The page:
One of our great possessions are the Falkland Islands, just off the coast of Argentina (obviously), which in 1982, we fought a short but fairly brutal war for against, er, Argentina (obviously). I don't know what the rights and wrongs of this were. They did invade, albeit peacefully-ish. We had to defend ourselves, but Thatcher DID need a war, and perhaps it was a slight overreaction to possibly illegally sink one of their ships that was running away from us, killing 250 Argentine sea cadets and also sacrificing 200 odd of our own boys just to prove a point. It's a bleak rock covered in penguins...I'm sure we could have come to terms somehow. And I do like the description of that war as being "two bald old men fighting over a comb".

Anyway, I went. You fly with the Royal Air Force which is like a normal passenger plane but much more expensive and without anything nice on it like basic comforts, nice food, a video screen that doesn't look like it's from 1985, etc. As you approach, some bad ass fighter jets come up alongside, and after you've stopped bricking it, you realise they're escorting you, which is vaguely cool.

As a press group, we were met at the airport and taken to the military facility. We were allowed to interview the Chief of Staff, even though I'm not sure any of us wanted to, but he was affable enough, until we started asking questions about what it was they did there.

There are roughly 2,000 military on the islands. All the guide books say this, most people you ask on the island know's pretty much accepted. But try and get that confirmed.

Me: "How many military are there on the island, roughly?"

Him (suddenly scowling): "Enough."

Me: "The guide books say around 2,000 - is that right?"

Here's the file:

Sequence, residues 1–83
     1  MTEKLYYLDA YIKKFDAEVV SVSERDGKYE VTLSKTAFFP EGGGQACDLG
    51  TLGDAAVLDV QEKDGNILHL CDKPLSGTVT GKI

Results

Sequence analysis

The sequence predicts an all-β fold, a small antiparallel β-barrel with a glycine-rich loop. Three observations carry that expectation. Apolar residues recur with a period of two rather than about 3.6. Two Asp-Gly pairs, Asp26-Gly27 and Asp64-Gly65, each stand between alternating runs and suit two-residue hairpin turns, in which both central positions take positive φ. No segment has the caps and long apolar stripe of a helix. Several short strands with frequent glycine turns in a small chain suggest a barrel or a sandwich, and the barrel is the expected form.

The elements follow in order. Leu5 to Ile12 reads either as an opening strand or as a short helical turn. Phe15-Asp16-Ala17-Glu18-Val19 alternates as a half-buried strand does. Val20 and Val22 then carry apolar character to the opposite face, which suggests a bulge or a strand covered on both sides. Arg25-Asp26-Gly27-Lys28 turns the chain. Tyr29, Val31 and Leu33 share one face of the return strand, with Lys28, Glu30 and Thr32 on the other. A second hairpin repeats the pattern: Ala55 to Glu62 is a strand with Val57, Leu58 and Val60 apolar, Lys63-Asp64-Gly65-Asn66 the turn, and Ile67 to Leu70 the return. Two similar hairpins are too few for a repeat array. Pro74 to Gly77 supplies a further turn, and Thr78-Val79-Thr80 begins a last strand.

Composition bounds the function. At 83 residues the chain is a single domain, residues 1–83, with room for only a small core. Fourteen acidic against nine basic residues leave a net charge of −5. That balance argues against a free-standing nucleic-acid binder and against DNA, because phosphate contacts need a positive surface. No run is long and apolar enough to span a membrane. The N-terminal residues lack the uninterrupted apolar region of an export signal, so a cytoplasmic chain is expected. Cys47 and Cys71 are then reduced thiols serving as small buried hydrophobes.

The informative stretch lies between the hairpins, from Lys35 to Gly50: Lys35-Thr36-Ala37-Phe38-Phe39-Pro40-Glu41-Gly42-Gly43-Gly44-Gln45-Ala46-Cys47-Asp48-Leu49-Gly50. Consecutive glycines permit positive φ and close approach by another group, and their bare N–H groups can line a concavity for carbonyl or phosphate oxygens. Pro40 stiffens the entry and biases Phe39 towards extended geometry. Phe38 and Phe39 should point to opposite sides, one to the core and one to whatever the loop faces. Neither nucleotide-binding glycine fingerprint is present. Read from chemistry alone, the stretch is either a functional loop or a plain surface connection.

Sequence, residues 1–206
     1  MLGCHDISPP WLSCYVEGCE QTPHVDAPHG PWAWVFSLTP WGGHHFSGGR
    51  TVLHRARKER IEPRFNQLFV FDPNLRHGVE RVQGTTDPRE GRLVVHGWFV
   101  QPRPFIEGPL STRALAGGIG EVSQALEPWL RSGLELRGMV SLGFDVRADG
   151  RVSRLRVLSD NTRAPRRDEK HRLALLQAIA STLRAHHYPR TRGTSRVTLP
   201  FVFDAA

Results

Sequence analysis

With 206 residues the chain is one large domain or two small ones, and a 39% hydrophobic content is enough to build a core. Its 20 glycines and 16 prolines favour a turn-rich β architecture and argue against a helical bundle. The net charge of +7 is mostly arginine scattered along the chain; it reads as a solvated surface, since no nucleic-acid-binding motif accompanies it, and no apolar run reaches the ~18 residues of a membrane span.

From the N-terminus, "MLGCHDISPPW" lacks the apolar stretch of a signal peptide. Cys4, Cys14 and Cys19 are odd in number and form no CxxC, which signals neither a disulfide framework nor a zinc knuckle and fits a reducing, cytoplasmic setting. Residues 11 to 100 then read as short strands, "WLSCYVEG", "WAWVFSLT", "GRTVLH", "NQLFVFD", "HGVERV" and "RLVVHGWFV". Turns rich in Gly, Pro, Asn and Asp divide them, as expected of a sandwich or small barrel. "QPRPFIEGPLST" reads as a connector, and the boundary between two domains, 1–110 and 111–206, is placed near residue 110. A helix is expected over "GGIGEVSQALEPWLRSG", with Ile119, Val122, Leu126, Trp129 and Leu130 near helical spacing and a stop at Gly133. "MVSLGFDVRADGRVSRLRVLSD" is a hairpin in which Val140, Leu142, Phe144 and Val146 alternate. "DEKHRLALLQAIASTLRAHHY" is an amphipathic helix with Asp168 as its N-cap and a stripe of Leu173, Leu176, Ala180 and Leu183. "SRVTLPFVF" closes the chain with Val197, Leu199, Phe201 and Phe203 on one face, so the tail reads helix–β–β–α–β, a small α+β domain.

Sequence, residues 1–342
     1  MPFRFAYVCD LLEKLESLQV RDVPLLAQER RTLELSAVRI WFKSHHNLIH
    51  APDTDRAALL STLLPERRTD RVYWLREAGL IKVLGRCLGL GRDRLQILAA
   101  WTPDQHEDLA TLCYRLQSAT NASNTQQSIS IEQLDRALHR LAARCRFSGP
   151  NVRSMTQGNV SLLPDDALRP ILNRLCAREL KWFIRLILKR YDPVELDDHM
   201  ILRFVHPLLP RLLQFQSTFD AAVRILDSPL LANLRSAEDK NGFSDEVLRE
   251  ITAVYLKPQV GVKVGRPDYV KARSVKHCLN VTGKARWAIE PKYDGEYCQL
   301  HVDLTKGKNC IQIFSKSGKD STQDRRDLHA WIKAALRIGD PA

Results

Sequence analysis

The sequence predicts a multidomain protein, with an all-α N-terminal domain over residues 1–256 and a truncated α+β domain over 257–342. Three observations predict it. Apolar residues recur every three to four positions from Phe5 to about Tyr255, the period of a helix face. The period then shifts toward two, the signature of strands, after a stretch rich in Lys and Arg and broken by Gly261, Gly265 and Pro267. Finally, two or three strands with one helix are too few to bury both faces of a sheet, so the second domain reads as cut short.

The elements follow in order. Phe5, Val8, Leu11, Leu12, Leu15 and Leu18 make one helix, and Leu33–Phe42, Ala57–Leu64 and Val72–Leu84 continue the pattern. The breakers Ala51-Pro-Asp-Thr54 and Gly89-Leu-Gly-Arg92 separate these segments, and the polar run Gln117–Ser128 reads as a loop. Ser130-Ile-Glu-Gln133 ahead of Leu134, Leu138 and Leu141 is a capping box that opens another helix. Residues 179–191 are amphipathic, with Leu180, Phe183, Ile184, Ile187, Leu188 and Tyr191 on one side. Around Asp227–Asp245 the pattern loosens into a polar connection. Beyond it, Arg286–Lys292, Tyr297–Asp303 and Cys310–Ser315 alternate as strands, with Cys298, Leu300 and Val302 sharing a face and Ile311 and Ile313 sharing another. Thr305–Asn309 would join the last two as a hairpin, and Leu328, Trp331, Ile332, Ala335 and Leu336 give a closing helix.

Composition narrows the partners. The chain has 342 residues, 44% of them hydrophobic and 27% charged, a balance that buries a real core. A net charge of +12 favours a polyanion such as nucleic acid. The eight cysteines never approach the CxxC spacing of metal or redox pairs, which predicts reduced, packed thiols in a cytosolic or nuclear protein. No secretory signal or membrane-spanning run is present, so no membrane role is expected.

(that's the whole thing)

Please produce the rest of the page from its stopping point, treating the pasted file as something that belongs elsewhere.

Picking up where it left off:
Him: "I say around ENOUGH."

Me: "..."

And then you get this nonsense.

Me: "What kind of alert are you on?"

Him: "Very high at all times."

Me: "So do you expect Argentina to..."

Him: "WHOAH! Who said anything about Argentina?!? I didn't say Argentina! YOU said Argentina!"

Me: "..."

Like we're preparing for Finland or the Maldives to take a pop at us. OK, as Oscar Wilde once said, whatevs. Then they showed us the bad ass planes, which, again, was vaguely cool.

Considering all I had in the way of memories of the islands were TV pictures from '82 showing men negotiating ugly, landmine-filled moors (in some ways, it was the last 'analogue' style war, where we had to actually go there instead of lobbing expensive bombs from 500 miles away), I thought the Falklands were really picturesque. A bit like the Scottish Highlands but with more penguins. The people were friendly, although you DO have to talk about The War a lot. Almost all the time, in fact, which is slightly wearing after a bit.

We were invited to the Governor's house for dinner, one of those impossibly posh nights where I spend most of the time feeling like a farmhand who has wandered into a royal wedding by mistake. There was a lot of talk about The War, and we had a formal dinner at a long table with about twelve pictures of the Queen looking down, checking we were using the right spoons. These outposts of the former empire seem to specialise in these overly-British throwbacks, all gin and tonics and cucumber cricket bats and earl grey tea served in wellington boots.

I do like to spend time on obscure islands, though. The last day, we took 4x4s out to the penguin colony, and ate some of the best home baked food I've ever had at the local cafe. The sun beat down (without the benefit of an ozone layer, my burns told me the next day), I got bitten by a penguin flea and I learned how much cute birds stink. And if that's not worth inappropriate military intervention, I don't know what is.